Consequences sometimes arrive tardily. After WWII, Zionists had conquered Palestine and begun mistreating its people in the manner of white South Africans at their worst. Moslems, of whom it later turned out there were quite a few, came to hate Zionists and, by extension, all Jews. Since America supplied the bombs that Israel used to kill Moslems, these came to hate the US. Thus 9/11. This was used as a pretext for war by hawkish wimps, now called Neocons. The conflicts were embraced by the Pentagon, which needed a raison d’etre in the face of the lack of enemies. The ensuing wars were enthusiastically supported by evangelicals, more Zionists, confused patriots, imperialists, military industry, and those who just wanted to kill some Arabs, any Arabs. President W. Bush with his eternal martial priapism and yokel grasp was just the man. The military budget now was about a trillion a year in a country that owed more money than it could ever repay.
Many things had changed since the arrival of Columbus and smallpox. Americans still imagined themselves as Marlboro Man, rugged individualists, though many had never actually seen a live horse. In fact the country had become a society of mass conformist consumerism with its tastes designed at corporate. America was still a land of opportunity, if you were an Ivy techy with an IQ in excess of 180, but everybody else was pretty much screwed. Most people lived in velvet serfdom, afraid of the boss and imprisoned by the retirement system. Few young males could any longer meet the physical requirements for induction. The Army softened training so they could appear to get through. So much for Davy Crockett.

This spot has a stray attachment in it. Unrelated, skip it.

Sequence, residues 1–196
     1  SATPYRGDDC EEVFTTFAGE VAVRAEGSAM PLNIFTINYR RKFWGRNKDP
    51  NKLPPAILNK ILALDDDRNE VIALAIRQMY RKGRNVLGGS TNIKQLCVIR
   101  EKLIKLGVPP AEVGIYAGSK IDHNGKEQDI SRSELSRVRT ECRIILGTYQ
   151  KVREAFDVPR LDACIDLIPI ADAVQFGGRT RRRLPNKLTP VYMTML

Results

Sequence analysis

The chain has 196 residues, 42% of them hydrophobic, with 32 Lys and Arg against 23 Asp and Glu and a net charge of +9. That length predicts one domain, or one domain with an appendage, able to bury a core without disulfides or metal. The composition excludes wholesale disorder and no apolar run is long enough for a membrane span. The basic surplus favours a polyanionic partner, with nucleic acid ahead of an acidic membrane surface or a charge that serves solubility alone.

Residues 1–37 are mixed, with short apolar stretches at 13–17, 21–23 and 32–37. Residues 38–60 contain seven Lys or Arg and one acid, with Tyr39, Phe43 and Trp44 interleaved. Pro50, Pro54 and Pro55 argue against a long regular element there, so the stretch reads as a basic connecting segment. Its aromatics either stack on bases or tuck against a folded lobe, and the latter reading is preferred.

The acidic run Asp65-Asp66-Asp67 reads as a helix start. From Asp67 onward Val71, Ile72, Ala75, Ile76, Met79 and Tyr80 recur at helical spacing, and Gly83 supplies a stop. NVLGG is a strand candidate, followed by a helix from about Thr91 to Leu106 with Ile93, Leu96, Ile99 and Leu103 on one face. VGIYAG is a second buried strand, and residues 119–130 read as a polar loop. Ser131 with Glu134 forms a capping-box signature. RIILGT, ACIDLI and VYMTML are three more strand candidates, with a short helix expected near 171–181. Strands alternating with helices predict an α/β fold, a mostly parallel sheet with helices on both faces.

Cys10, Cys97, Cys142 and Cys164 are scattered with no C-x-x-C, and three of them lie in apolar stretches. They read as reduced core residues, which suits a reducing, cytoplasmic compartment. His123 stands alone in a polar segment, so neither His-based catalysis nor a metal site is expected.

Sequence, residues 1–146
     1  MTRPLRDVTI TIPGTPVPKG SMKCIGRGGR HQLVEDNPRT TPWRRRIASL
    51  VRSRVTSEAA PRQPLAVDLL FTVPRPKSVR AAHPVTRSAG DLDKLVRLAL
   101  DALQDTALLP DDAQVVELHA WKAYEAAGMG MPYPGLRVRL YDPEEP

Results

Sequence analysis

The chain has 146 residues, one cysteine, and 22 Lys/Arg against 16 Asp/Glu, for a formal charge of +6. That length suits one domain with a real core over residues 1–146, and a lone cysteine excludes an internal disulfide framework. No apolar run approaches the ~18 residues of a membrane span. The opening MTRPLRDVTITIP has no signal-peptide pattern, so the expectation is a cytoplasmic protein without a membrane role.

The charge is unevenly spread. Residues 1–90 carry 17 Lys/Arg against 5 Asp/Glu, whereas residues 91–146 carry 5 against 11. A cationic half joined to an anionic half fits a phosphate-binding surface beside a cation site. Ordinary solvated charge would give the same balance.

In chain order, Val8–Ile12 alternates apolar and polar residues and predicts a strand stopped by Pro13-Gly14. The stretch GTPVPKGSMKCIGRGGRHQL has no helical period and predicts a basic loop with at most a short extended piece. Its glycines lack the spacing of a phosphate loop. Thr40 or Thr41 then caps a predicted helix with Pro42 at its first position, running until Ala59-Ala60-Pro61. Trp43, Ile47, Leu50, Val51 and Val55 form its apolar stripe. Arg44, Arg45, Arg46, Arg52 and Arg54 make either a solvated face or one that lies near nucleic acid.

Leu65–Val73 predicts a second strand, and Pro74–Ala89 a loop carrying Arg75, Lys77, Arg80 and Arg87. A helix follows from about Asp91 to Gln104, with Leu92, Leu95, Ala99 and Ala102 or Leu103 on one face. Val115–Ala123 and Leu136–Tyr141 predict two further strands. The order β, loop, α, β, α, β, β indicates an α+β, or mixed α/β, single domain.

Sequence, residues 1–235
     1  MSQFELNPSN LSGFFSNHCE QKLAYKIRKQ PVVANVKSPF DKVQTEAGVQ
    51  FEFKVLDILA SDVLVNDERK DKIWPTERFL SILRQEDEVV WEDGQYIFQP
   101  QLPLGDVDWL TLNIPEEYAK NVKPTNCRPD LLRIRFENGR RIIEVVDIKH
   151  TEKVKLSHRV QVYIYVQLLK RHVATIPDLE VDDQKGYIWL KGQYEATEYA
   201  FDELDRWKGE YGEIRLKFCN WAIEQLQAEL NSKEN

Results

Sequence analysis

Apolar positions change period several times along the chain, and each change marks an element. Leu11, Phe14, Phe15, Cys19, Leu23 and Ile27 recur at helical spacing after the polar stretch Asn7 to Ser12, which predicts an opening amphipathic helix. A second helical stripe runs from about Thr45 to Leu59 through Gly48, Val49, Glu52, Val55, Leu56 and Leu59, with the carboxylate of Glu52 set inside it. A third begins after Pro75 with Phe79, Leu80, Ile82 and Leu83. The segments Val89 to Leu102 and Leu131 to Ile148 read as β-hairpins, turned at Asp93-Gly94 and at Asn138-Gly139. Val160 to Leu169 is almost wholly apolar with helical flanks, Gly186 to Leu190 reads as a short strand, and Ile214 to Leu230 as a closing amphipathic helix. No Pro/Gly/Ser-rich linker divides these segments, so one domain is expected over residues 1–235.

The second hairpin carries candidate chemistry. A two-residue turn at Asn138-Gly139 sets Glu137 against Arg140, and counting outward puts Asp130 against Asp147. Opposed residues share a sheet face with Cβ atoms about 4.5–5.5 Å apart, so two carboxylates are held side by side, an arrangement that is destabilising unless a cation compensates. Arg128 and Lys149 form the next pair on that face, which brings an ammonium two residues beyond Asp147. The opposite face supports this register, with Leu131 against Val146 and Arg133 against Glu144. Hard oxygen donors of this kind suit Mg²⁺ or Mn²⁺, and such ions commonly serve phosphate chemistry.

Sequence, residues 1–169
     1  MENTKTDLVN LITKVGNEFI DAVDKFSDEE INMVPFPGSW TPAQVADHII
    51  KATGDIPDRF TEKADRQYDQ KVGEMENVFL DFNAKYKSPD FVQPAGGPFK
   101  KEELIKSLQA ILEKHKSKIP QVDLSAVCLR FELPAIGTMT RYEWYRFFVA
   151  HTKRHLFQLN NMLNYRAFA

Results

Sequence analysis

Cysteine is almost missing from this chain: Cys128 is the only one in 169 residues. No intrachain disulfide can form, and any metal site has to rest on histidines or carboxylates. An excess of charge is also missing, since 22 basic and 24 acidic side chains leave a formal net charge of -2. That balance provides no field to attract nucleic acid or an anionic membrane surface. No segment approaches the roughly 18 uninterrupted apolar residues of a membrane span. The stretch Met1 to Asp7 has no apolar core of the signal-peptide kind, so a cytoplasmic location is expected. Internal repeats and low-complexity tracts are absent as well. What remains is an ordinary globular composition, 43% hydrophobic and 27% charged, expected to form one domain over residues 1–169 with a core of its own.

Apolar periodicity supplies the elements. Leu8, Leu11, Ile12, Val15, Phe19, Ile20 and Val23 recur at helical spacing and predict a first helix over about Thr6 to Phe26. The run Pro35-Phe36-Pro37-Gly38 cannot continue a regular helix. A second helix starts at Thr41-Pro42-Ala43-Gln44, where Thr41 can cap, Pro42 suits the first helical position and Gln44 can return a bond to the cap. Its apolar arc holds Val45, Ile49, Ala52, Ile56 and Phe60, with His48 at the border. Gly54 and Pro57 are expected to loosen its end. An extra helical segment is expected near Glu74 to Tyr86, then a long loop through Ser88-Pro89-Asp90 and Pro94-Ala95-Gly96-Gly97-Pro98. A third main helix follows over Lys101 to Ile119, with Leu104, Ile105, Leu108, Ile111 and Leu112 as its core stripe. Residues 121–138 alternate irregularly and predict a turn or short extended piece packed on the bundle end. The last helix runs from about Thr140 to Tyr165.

Americans had become the Frightened People, afraid of terror, of Moslems, of an outside world they couldn’t find or, in many cases, spell. The government used this bounty from heaven to justify rapid elimination of civil liberties, telling the public that it was to protect them. They still prided themselves on their democracy, without any longer having one, and on being a light to the world, which hated them. “The whole world hates us. What is wrong with the whole world?” they asked, deeply puzzled.
The looters came. In the past there had been an element of noblesse oblige, of concern for the nation, a sense among the upper classes that they ought to pay some slight attention to keeping the country alive while picking its bones. This changed. The country was now ruled by the tightly interlocking directorates of Wall Street, Congress, the upper reaches of the executive branch, and the big corporations, none of whose members had ever worked a night shift at Wal-Mart while living in a rented trailer. The worst and brightest went to Harvard and then into i-banking. Thus the sub-prime adventure. This catastrophe was regarded as a cyclical correction instead of as the first notes of the knell.
By this time the country was acquiring the attributes of the Third World. Impunity: financiers did not go to jail for financial crimes, nor generals for war crimes, nor congressmen for anything. National incapacity: The government handled natural disasters with the adroitness one might expect of Burundi. Intractable slums festered in the cores of its great cities. Over its age America had achieved greatly, done much that was admirable and much that wasn’t, and now, overreaching, still convinced of its miraculous virtues, was perilously close to falling on its face.
Fred Reed is author of Nekkid in Austin: Drop Your Inner Child Down a Well and A Brass Pole in Bangkok: A Thing I Aspire to Be. His latest book is Curmudgeing Through Paradise: Reports from a Fractal Dung Beetle. Visit his blog.